Millennials are often referred to as the “anxious generation.” They were the first to grow up with the constant overflow of the Internet and social media, and while the Internet can make life better, it can also make life complicated, as Millennials often compare their personal and professional achievements to everyone else’s. This can result in low self-esteem and insecurity.
According to a 2015 report by The Chronicle of Higher Education, more students than ever are coming to college on medication or in treatment for mental health problems. More than 25 percent of college students have a diagnosable mental illness and have been treated in the past year, according to National Alliance on Mental Illness, or NAMI. At University of Missouri, 61 percent of 1,010 college students who responded to an American College Health Association assessment in fall 2014 reported feeling overwhelming anxiety within the last year, and 35.5 percent said they “felt so depressed that it was difficult to function.”
One of the possible factors of Millennials’ mental health problems is that they are the first generation to go through all the trials of reaching adulthood through the ever-present lens of social media. According to a 2013 study, social media usage 18 to 29 year olds increased 1,000 percent in the past eight years. Up to 98 percent of college students use social media, according to a consumer insight service. While it can be fun posting parts of our lives online and viewing what other people are doing, the problem is people typically compare their whole life to other people’s “highlight reels.” It’s important to remember that what we’re seeing on social media is merely the best parts of people’s lives, and not the whole story.
The pressure Millennials face to constantly be available is becoming extreme. The lines between work and home are increasingly blurred; it’s hard to put off replying to a work email when your boss and colleagues know that you’re reachable on your phone. Add the fact that they can see when you’re online on social media to the mix, and it’s hard to have any downtime when you’re not at work. And even if you’re not involved with work, friends and family expect to be able to reach you at all hours of the day. Some cope by turning their phones off completely; others are afraid to miss out on anything and never turn their phones off.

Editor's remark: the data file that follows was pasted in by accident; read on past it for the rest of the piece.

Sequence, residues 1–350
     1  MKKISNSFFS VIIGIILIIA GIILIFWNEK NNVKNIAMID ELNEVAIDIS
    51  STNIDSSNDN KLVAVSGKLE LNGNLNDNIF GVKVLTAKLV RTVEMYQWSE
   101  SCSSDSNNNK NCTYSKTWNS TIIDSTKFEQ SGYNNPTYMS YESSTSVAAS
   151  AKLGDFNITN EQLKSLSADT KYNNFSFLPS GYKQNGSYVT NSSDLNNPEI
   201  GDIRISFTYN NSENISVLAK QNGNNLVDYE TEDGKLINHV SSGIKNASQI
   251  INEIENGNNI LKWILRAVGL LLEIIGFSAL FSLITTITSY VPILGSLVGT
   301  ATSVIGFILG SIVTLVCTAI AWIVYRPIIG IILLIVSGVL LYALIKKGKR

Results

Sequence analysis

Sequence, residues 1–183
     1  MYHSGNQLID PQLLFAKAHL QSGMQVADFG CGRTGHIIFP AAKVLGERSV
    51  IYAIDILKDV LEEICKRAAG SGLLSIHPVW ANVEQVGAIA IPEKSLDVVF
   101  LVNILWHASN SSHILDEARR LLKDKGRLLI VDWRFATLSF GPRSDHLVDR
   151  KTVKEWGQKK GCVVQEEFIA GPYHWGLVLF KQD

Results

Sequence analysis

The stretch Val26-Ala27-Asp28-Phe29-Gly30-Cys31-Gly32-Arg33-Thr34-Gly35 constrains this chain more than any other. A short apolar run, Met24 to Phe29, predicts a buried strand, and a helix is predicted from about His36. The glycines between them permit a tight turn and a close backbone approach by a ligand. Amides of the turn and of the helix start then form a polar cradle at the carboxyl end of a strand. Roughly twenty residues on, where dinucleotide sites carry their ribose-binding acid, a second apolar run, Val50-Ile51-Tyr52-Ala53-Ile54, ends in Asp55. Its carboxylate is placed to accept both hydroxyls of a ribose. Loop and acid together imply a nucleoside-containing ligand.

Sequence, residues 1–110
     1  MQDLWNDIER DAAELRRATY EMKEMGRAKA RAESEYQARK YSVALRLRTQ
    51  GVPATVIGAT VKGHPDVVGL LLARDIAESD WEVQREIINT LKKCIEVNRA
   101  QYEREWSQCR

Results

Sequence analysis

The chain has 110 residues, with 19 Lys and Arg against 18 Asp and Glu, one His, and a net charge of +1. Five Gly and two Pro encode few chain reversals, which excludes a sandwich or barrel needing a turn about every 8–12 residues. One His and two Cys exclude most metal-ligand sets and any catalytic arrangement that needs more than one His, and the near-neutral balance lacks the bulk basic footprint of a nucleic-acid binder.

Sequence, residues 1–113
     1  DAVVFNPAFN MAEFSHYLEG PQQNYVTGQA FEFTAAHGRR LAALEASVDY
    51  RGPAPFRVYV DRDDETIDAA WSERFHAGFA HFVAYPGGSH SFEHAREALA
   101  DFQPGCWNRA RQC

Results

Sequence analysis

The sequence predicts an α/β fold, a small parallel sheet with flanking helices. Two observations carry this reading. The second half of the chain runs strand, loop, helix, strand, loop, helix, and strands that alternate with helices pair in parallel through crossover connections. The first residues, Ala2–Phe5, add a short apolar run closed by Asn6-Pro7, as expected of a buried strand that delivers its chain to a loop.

The good news is that Millennials as a generation have benefited from the gradual slack for the stigma of mental health. Word is spreading through social media that mental health is an important part of overall well-being, and celebrities are openly sharing their struggles. The younger generation is learning about mental illness at an earlier age, thanks to programs like NAMI Ending the Silence. A 2015 study by American University said that Millennials grew up hearing about anxiety, depression, eating disorders, and suicide, and they are more accepting of others with mental illness. Millennials are more likely to talk about mental health with each other than their parents or grandparents. As more people speak out, the stigma surrounding mental illness is beginning to lessen.
Despite being harder on themselves, millennials were found to be more accepting of others with mental illness than previous generations, according to a survey conducted by American University this year. Of those surveyed, 85 percent said they would have no problem making friends or working with someone experiencing a mental illness. Millennials are more accepting and supportive of others and more open to those who lead different lifestyles, the study says. They cheer one another on across various platforms, support LGBT rights, believe racial diversity increases the quality of a campus or workplace and have a more diverse group of friends than previous generations.
In early 2015, a group of young professionals from Phoenix, Arizona decided to create a non-profit called Millennials for Mental Health Awareness, focused on raising mental health awareness for the Millennial generation. Millennials for Mental Health partners with Active Minds, a national nonprofit that empowers students to speak openly about mental health in order to educate others and encourage help-seeking. Together, they are raising awareness for mental health, removing the stigma surrounding mental illness, and providing resources for those who need it most. Visit http://www.millennialsmentalhealth.org/ or https://www.nami.org/Find-Support/NAMI-Programs/NAMI-Ending-the-Silence to find out more about these programs. Call 1-800-273-TALK to get immediate assistance from the National Suicide Prevention Lifeline. Your problem is never too small or insignificant.